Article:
U.S. Transportation Command (TRANSCOM) is working with the Navy to develop plans to replace the military’s aging reserve fleet of cargo ships, the command’s leader said Nov. 15.
TRANSCOM and the Navy envision buying both new and used ships. Language included in the recently completed fiscal year 2018 defense authorization conference report “will allow us to buy used vessels as a bridge to building new ships,” said Air Force Gen. Darren McDew, TRANSCOM’s commander.
Used commercial vessels that are only a half or a third of the age of current ships are “available for pennies on the dollar” and could be refurbished at U.S. shipyards, McDew said. If TRANSCOM can replace 50-year-old ships with 15-year-old vessels, “I’ll be very happy.”
The conference report would authorize the Department of Defense to buy up to two used ships for the Ready Reserve Force (RRF). It would also require auxiliary vessels to be included in the annual 30-year shipbuilding plan.
According to the Maritime Administration (MARAD), the RRF consists of 46 vessels that can rapidly deploy military equipment. Those ships are owned and maintained by MARAD and operated by the Navy’s Military Sealift Command, which supports TRANSCOM.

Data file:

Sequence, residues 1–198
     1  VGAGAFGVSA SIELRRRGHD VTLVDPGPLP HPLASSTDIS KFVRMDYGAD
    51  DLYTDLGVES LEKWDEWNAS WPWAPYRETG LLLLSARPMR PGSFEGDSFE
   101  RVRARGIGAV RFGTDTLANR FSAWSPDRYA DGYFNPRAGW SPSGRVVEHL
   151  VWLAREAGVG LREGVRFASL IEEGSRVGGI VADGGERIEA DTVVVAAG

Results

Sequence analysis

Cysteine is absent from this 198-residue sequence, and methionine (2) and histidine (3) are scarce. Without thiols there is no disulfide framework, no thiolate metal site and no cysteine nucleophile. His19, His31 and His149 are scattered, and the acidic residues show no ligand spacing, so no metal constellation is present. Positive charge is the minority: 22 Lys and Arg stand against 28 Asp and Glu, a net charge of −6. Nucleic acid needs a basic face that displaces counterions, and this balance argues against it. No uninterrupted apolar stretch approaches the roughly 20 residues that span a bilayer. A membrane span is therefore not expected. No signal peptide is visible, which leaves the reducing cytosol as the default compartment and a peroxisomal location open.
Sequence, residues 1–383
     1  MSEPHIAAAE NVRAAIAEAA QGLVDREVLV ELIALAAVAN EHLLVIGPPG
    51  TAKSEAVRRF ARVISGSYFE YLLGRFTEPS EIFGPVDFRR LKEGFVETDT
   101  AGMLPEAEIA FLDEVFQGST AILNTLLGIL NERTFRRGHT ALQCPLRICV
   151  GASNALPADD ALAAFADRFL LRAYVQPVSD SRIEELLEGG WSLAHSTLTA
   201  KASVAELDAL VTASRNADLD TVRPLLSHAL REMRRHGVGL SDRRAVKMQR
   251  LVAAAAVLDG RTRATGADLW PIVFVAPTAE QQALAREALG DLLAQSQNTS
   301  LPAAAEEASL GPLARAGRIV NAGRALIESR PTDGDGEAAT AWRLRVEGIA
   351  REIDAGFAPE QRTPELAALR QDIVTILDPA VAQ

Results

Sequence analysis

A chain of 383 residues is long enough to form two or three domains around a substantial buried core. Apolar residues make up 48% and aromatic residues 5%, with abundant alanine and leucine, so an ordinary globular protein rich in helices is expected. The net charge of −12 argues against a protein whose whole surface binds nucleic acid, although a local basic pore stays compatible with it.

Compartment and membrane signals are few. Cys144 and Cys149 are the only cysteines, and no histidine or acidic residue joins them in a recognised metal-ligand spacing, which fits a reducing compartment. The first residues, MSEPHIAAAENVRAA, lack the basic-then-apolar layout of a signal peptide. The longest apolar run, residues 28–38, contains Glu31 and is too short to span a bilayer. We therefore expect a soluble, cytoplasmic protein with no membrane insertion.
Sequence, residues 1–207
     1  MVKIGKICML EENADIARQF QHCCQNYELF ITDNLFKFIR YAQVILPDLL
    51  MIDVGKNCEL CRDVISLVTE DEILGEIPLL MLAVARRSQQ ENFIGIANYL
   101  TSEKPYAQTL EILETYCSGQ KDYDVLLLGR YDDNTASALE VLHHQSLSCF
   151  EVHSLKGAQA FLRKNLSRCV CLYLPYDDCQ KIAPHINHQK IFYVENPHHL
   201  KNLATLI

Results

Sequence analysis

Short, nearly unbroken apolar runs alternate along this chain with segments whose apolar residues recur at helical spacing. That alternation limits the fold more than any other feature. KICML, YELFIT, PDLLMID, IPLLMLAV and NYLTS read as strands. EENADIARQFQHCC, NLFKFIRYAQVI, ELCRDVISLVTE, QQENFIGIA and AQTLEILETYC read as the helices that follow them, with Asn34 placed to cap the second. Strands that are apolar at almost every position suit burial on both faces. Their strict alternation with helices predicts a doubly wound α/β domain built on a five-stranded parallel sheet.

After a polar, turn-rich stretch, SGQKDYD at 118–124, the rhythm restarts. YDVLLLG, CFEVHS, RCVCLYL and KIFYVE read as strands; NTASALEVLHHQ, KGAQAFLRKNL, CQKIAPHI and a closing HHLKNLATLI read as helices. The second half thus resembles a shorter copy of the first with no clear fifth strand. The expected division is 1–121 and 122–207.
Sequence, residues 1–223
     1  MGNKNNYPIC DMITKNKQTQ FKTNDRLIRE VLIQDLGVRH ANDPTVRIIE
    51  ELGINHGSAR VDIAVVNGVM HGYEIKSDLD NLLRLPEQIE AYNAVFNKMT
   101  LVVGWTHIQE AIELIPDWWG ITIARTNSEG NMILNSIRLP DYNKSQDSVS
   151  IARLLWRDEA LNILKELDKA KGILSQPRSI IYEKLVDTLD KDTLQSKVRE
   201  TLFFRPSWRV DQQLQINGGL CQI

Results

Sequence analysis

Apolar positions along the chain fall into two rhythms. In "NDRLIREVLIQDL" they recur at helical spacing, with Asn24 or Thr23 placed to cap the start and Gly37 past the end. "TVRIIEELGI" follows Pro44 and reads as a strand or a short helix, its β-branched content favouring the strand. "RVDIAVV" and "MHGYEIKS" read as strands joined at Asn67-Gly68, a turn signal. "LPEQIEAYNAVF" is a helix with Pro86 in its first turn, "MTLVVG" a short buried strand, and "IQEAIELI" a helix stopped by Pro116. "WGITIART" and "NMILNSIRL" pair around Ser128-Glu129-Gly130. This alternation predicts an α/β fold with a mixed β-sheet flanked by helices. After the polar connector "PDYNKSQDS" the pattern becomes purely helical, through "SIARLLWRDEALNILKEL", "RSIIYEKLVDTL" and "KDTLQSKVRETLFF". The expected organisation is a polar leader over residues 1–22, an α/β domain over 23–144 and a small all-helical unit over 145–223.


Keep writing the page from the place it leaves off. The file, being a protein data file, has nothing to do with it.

The conference report indicates that the delivery of new vessels could begin in the late 2020s. The legislation calls on the Navy, in consultation with TRANSCOM and MARAD, to give Congress a report on RRF modernization plans by March 1.
The House passed the conference report Nov. 14 (Defense Daily, Nov. 14). The legislation is now pending in the Senate.
McDew, who spoke at an Air Force Association breakfast on Capitol Hill, also expressed concern about the increasing difficulty of maintaining the Air Force’s aging refueling planes, especially KC-135 Stratotankers, which are about 60 years old. He said that keeping such old aircraft in service will require “extraordinary things.”
While the Air Force is slated to buy 179 Boeing [BA] KC-46A tankers, deliveries will not be completed for a decade or so, and those planes will replace only about a third of the tanker fleet.